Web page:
In its latest bid to keep the kids from vaping, Juul announced today that retailers in the U.S. will soon have to scan IDs for anyone trying to purchase a Juul e-cigarette.
The ID scans are part of Juul’s Retail Access Control Standards (RACS) program. When an American retailer scans a Juul product on its point-of-sale (POS) system, they’ll then be prompted to scan the customer’s ID. Supposedly, the Juul products will remain locked until the retailer can electronically scan a valid, government-issued ID card. Under the system, minors would then be theoretically turned away. (Unfortunately, wily teens often find a way.)
So far, Juul says over 50 retail chains representing more than 40,000 individual outlets have committed to being RACS-compliant by May 2021, with 15,000 stores expected to install the system by the end of 2019. After May 2021, Juul says it will stop distributing products to non-RACS stores. To help with the cost, Juul is also offering over $US100 ($149) million in incentives and financial support to retailers who make the effort to be RACS-compliant by the May 2021 date.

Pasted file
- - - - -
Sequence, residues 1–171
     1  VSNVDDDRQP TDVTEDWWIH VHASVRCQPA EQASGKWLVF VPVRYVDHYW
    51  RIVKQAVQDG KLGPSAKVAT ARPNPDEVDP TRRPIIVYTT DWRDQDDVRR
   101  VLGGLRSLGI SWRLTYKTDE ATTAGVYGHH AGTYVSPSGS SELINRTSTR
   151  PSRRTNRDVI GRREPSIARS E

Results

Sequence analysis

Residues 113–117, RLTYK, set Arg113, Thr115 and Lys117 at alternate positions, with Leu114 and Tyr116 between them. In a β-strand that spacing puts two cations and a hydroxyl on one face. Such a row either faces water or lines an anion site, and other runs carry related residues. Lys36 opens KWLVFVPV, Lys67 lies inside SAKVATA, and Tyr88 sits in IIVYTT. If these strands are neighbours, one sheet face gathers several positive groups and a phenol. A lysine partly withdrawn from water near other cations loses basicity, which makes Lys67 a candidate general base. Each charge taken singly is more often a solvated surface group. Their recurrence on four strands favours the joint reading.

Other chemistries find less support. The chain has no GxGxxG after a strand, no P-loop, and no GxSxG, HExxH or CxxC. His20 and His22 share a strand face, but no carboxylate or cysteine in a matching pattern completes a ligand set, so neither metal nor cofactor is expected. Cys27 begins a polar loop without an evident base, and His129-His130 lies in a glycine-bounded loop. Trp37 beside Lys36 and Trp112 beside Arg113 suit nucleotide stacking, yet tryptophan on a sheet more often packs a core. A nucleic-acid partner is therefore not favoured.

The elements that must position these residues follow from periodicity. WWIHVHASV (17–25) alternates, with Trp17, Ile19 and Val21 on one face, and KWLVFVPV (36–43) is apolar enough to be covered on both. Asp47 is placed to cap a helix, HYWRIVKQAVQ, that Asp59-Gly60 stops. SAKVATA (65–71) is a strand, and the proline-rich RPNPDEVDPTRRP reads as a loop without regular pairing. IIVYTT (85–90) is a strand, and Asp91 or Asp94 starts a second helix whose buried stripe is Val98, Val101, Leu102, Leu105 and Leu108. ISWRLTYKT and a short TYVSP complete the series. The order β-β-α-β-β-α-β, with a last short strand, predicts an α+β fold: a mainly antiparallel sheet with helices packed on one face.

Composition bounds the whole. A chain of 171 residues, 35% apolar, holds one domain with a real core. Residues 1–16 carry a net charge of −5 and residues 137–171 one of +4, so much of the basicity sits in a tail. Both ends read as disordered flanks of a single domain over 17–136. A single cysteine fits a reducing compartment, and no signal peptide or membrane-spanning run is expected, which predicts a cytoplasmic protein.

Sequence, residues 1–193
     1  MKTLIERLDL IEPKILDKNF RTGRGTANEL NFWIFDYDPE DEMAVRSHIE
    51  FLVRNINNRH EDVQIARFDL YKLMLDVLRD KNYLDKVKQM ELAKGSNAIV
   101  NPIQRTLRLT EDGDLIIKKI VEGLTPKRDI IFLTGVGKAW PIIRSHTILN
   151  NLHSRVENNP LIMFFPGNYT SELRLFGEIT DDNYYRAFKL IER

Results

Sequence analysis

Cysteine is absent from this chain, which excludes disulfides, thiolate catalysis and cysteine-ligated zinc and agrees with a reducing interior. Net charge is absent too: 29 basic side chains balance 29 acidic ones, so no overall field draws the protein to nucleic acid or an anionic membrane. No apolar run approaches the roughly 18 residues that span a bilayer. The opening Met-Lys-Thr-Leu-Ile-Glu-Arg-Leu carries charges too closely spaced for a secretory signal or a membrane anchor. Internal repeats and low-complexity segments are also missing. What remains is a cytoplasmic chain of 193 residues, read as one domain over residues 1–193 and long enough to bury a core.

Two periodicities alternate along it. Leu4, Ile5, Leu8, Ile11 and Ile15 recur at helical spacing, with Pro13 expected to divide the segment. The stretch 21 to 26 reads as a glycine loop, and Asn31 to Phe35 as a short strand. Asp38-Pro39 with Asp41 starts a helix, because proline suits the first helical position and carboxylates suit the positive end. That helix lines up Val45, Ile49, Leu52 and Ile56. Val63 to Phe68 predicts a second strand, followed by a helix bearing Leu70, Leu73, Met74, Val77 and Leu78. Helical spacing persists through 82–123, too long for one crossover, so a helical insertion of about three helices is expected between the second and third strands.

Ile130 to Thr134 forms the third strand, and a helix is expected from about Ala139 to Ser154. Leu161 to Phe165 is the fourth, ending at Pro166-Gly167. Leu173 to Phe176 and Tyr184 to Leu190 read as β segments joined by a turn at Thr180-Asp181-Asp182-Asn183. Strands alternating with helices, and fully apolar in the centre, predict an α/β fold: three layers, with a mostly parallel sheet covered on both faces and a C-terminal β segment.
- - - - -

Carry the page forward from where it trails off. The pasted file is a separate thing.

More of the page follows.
In addition to blocking underage sales, Juul says the new system will bar customers from buying more than four Juul devices at a time — presumably to curb legal-age users from buying for their underage friends.
Juul also announced it plans to nationally roll out its Track & Trace program in the U.S. The program is designed to trace where confiscated Juuls have been sold by entering in the device’s serial number into an online portal. Juul says the program has been successful during a trial run in the Houston area, and says that currently about 50 per cent of all Juul devices in the U.S. are fully traceable.
Juul’s attempts to curb teen vaping follow some intense scrutiny from the U.S. Food and Drug Administration, as well as actively marketed to kids.
So far its efforts have ranged from nixing flavoured pods and introducing secret shopper programs to bust errant retailers, to releasing a Bluetooth-enabled vape that collects a staggering amount of user data.
All of this is ostensibly to deflect criticisms Juul played a major role in hooking teen users in the U.S., given recent reports e-cigarettes may have contributed to serious health problems, including severe lung damage, seizures and other neurological issues.